US, China and the Afghan Agreement on Oil and Gas Extraction

The international media widely reported on Thursday 5th January 2023, the signing of a deal between the Taliban government of Afghanistan and the Chinese company, Xinjiang Central Asia Petroleum and Gas Co (CAPEIC), for joint oil and gas exploration in the Amu Darya basin in northern Afghanistan.

The news was reported in a manner designed to raise concerns of the European countries and Afghanistan’s neighbours on the repercussions of Chinese expansion and its fallouts in Central and South Asia, especially on India which has made several attempts with the Taliban government to invest in Afghanistan.

Several media outlets opted to report the reality of the agreement in a terrifying manner, pointing to American geological reports stating that the primary resources in Afghanistan contain a huge wealth of gold, precious stones, coal, oil, gas, lithium and a number of rare earth minerals worth more than a trillion dollars, and that the Taliban were set to give China virtually total control over the mining of lithium, which is vital for the production of alternative energy storage batteries to which Europe is seeking to switch to nullify Russian blackmail and compensate for its energy needs, only to find itself in another energy security issue should China dominate the lithium metal reserves, as propagated by US reports and the media.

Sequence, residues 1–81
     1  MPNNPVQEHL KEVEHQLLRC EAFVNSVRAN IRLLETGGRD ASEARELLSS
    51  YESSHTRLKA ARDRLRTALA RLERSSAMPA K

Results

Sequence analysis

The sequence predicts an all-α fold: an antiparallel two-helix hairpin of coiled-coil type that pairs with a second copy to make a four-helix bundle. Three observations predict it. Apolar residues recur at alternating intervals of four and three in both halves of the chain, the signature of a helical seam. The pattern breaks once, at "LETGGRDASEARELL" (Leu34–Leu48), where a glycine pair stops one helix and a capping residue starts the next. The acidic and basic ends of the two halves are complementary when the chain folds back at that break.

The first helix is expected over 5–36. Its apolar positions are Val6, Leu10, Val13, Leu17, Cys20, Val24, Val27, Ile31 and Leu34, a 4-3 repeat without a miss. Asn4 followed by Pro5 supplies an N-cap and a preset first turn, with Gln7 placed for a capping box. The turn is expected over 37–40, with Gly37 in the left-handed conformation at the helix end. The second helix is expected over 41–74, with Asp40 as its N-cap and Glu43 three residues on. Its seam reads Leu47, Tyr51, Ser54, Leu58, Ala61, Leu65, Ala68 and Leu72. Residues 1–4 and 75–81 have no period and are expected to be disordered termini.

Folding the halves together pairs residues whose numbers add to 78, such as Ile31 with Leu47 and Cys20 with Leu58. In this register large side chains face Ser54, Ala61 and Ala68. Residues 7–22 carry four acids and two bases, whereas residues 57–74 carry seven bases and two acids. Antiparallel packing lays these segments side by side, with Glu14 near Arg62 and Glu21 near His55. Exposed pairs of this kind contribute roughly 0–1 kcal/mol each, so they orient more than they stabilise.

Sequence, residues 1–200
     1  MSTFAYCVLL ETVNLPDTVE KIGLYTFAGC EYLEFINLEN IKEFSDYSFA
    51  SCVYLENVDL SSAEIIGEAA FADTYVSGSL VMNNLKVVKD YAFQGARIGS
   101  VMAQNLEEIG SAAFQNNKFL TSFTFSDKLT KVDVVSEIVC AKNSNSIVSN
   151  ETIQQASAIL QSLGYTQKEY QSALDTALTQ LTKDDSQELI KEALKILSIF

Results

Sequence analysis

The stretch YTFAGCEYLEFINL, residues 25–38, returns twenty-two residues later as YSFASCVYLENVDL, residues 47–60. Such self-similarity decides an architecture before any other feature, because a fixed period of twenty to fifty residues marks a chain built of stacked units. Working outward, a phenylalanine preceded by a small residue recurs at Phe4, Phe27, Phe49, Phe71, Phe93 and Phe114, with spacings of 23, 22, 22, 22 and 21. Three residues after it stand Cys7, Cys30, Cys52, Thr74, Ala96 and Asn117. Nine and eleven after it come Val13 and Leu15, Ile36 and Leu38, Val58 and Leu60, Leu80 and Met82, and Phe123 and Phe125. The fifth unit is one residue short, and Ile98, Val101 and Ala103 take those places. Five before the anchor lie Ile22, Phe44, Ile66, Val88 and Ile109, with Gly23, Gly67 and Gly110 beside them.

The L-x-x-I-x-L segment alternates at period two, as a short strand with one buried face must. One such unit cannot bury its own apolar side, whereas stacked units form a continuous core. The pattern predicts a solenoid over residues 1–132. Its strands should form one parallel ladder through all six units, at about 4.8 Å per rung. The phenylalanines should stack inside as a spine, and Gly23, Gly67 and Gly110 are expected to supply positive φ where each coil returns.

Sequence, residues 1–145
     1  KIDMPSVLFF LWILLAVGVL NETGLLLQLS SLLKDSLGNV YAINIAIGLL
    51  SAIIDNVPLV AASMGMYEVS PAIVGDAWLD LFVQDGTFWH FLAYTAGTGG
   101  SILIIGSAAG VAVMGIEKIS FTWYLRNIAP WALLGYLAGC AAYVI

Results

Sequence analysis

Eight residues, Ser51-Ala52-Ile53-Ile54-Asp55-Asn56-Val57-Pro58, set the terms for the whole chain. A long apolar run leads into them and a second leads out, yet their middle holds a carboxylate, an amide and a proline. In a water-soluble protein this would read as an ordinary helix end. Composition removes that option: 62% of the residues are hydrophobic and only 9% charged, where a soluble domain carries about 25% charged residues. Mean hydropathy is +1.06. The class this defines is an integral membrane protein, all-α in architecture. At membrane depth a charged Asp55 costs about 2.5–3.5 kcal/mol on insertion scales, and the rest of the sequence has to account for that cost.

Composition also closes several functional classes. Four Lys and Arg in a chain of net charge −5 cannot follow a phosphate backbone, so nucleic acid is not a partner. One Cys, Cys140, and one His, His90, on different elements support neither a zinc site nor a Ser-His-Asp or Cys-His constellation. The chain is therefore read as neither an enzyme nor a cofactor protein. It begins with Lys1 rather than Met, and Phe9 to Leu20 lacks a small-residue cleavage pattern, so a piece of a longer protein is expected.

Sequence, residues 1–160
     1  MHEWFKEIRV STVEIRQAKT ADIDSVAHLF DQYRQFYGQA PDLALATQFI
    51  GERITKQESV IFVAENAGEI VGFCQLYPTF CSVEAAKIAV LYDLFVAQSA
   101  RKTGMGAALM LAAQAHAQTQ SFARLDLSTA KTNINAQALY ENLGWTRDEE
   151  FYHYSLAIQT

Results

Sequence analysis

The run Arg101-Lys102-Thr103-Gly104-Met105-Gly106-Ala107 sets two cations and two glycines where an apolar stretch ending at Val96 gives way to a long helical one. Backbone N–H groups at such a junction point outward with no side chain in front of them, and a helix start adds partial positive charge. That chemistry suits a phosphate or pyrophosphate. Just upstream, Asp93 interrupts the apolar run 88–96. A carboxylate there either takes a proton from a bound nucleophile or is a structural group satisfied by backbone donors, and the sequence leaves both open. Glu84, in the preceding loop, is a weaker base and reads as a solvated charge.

It is also noted that the statistics related to the Taliban’s agreement with China, such as the amount of oil expected to be extracted, about 87 million barrels in an area of 4,500 kilometres in the Amu Darya basin, as well as the 3000 jobs created by the project which will be filled by Afghan youth, serve as a domestic political discourse within the framework of the Taliban government’s efforts to address the unemployment problem by providing new job opportunities for the masses.

This is supported by the statement of the Afghan government spokesperson, Zabihullah Mujahid, on his Twitter account, saying that the Afghan government has a 20% stake in the project which could rise to 75% in the future.

In light of this, and in order to uncover the reality of the Taliban’s role in regional and international relations, it is imperative to read the event within the framework of the US agreement with the Taliban signed in Qatar, to which US National Security Adviser Jack Sullivan referred, warning that any breach by the Taliban would expose it to sanctions, and had resulted in the sudden withdrawal of the US forces from Afghanistan which confused the European Union, aroused its fears and the fear of China and Russia.